Just before Michael E. Busch (D-Anne Arundel) became speaker in 2003, five of the six committees in the House of Delegates were led by men, and five of the six committee chairs were white. Two were conservatives from rural parts of the state.
Today, half of the committees are led by women, two have people of color as chairs, and half the committee leaders are openly gay or lesbian. All six come from large, and largely liberal, jurisdictions along the Interstate 95 corridor. Additionally, the speaker pro tem is an African-American woman, the majority leader is a white woman, and the majority whip is an African-American man.
This is the House that Mike built – and those demographic and ideological changes only begin to tell the story of the stamp the late speaker, who died Sunday from complications of pneumonia at age 72, put on the institution he led so ably for so long.
These shifts did not happen overnight – they came about in increments, as the House Democratic Caucus went through generational, ideological and demographic changes and Busch himself evolved. When he was chairman of the House Economic Matters Committee under the previous speaker, Casper R. Taylor Jr. (D), Busch was a pro-business centrist, though he possessed a keen sense of fairness and a belief that health care was a right and not a privilege.
Busch moved perceptibly to the left as his caucus did, embracing gay marriage, the DREAM Act, record education spending and robust environmental protections. But his political journey seemed wholly organic – and may have been a consequence of the fact that, for half of his tenure, he was working opposite Republican governors.
One of the ironies of Busch’s record-breaking service as speaker is that it coincided with the even longer tenure of Thomas V. Mike Miller Jr. (D-Calvert) as Senate president. The Mikes will forever be fused together in memory, but their leadership styles couldn’t have been more different.
By reputation, Miller was the boss, the deal-maker, the legislative mastermind, while Busch was the genial coach. But in fact, Busch had the far tougher gig, leading a chamber three times as large.
Yes, Busch was Coach to many of his members. But the job requires immense discipline and a sense of order, and an ability – sports metaphor alert! – to see the entire field. Miller’s leadership style is in fact more freewheeling, and most of the time any member of the Senate can rise on the floor and say whatever he or she wants.
That Busch was able to maintain order and be such a generous mentor to so many of his members — while simultaneously pursuing a vigorous legislative agenda of his own — was surely one of his greatest traits, as was his steadfast determination to make his leadership team as diverse as possible. He knew every one of his colleagues’ districts – and their hopes, dreams, priorities and ambitions. And he worked hard to help them attain their goals – even the Republicans, when he could.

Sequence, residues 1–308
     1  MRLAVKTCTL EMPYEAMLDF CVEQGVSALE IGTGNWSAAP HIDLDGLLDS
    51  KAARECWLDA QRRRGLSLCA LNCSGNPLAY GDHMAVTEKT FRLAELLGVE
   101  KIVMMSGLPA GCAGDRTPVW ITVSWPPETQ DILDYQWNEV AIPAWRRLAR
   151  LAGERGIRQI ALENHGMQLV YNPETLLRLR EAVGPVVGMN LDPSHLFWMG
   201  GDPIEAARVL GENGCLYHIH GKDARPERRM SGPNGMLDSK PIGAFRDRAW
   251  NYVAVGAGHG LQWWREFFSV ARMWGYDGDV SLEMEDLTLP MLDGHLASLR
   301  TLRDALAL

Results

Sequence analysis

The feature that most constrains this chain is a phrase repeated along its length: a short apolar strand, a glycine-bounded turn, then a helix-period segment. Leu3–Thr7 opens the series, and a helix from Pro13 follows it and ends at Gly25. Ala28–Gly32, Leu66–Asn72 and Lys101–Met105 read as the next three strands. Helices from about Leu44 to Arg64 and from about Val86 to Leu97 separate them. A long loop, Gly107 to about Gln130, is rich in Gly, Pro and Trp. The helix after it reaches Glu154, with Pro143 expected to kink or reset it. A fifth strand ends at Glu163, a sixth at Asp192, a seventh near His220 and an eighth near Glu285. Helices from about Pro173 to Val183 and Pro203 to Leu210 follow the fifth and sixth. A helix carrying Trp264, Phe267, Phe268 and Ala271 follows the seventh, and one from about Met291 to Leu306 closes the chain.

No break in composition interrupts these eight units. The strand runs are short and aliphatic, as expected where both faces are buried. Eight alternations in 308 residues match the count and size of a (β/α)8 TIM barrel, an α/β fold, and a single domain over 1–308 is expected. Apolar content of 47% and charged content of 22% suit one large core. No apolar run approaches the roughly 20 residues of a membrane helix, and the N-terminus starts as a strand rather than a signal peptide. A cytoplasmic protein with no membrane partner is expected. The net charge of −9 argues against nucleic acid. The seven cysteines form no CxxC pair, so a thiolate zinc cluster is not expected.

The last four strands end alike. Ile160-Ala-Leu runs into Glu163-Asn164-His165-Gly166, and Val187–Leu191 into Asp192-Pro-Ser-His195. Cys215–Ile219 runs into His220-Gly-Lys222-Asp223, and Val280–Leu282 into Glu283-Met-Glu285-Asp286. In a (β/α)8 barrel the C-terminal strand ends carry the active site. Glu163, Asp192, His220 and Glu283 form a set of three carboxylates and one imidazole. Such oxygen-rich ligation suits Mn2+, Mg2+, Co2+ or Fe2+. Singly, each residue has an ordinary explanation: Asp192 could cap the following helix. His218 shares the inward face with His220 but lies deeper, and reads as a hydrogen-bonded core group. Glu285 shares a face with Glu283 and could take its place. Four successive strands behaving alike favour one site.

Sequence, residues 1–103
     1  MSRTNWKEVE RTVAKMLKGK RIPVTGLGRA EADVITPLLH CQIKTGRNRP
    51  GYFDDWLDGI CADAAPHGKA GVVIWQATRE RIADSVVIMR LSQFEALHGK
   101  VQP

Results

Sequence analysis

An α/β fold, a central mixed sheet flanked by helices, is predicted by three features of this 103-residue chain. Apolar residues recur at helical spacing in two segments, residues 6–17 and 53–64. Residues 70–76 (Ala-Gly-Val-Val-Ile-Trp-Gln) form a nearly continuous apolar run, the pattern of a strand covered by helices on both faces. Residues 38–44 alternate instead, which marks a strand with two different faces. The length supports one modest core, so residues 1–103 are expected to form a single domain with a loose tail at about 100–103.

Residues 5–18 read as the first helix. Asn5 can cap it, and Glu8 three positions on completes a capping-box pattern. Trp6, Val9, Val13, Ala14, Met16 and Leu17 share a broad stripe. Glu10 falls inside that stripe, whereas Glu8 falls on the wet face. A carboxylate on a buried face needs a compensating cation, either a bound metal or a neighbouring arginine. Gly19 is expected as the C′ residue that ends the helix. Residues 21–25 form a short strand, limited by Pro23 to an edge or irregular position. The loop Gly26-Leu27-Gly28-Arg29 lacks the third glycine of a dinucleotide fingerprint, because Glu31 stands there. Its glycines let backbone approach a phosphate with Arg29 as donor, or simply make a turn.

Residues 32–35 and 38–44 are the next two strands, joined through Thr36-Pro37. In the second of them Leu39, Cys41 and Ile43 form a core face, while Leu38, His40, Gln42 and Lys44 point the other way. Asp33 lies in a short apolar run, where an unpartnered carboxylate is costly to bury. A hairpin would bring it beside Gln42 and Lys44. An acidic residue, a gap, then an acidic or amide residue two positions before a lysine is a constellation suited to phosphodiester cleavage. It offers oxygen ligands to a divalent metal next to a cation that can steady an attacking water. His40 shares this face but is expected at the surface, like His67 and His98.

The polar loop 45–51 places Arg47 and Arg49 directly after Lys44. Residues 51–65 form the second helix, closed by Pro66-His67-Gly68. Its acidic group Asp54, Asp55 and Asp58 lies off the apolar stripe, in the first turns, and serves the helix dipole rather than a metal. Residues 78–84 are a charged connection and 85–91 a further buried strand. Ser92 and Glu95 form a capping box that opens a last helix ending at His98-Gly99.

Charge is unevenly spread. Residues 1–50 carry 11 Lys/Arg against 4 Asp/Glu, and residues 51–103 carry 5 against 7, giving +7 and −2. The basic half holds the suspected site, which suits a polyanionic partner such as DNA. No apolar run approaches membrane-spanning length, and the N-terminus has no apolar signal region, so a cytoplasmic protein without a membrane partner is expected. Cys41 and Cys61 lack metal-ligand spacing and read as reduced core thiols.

It is no accident that the person who replaces Busch as speaker will make history, whether it’s House Economic Matters Chair Dereck E. Davis (D-Prince George’s), Speaker Pro Tem Adrienne A. Jones (D-Baltimore County) or Appropriations Chair Maggie L. McIntosh (D-Baltimore City). In all its history, the House of Delegates hasn’t had a speaker who isn’t a white male. Davis and Jones are black; McIntosh is openly lesbian.
It’s also no accident that all three are Busch loyalists whose careers were aided by his generosity and tutelage. McIntosh began her slow ascent in leadership under Taylor and continued her progression under Busch. Davis and Jones were junior members when Busch elevated them to their current positions, right after he became speaker.
All three would, to varying degrees, use Busch’s tenure as a template. They have different political bases, different life stories, different perspectives. But they’re all, at a basic level, institutionalists. Whatever change that comes under the next speaker is likely to be every bit as incremental as it was under Busch.
So who will prevail? The decision very likely rests with the Democratic Caucus, and caucus dynamics are often difficult to read. Alliances can form, coalitions built, deals cut, in an instant.
That said, McIntosh has essentially been preparing for a vacancy for a decade – making campaign contributions to colleagues, visiting their districts, mentoring them. Davis has more or less matched those activities for the past two or three years. Jones, though her stature has been elevated dramatically in the past few weeks, for all intents and purposes only joined the game a few days ago.
McIntosh is the most purely political of the three, having worked for former U.S. Sen. Barbara A. Mikulski (D) and run her own political consulting shop. And most lawmakers probably want a level of political moxie in their presiding officers.
McIntosh is perceived as being more progressive than Davis, thanks in part to Davis’ vote against marriage equality and his fairly friendly relationship with the industries his committee oversees. That could matter in a caucus that is moving steadily to the left.
What’s more, McIntosh is 71. Jones is 64, Davis is 52. If you’re an ambitious younger legislator looking for opportunities to move up the ladder, a Speaker McIntosh likely means quicker turnover the next time around.
So the money here – a dollar, at least – is on McIntosh. But until the next speaker is lifting the gavel for the first time, no one can say for sure.
This much can be said: Whichever candidate prevails, Busch would probably approve. And the House that Mike built will only see minor renovations.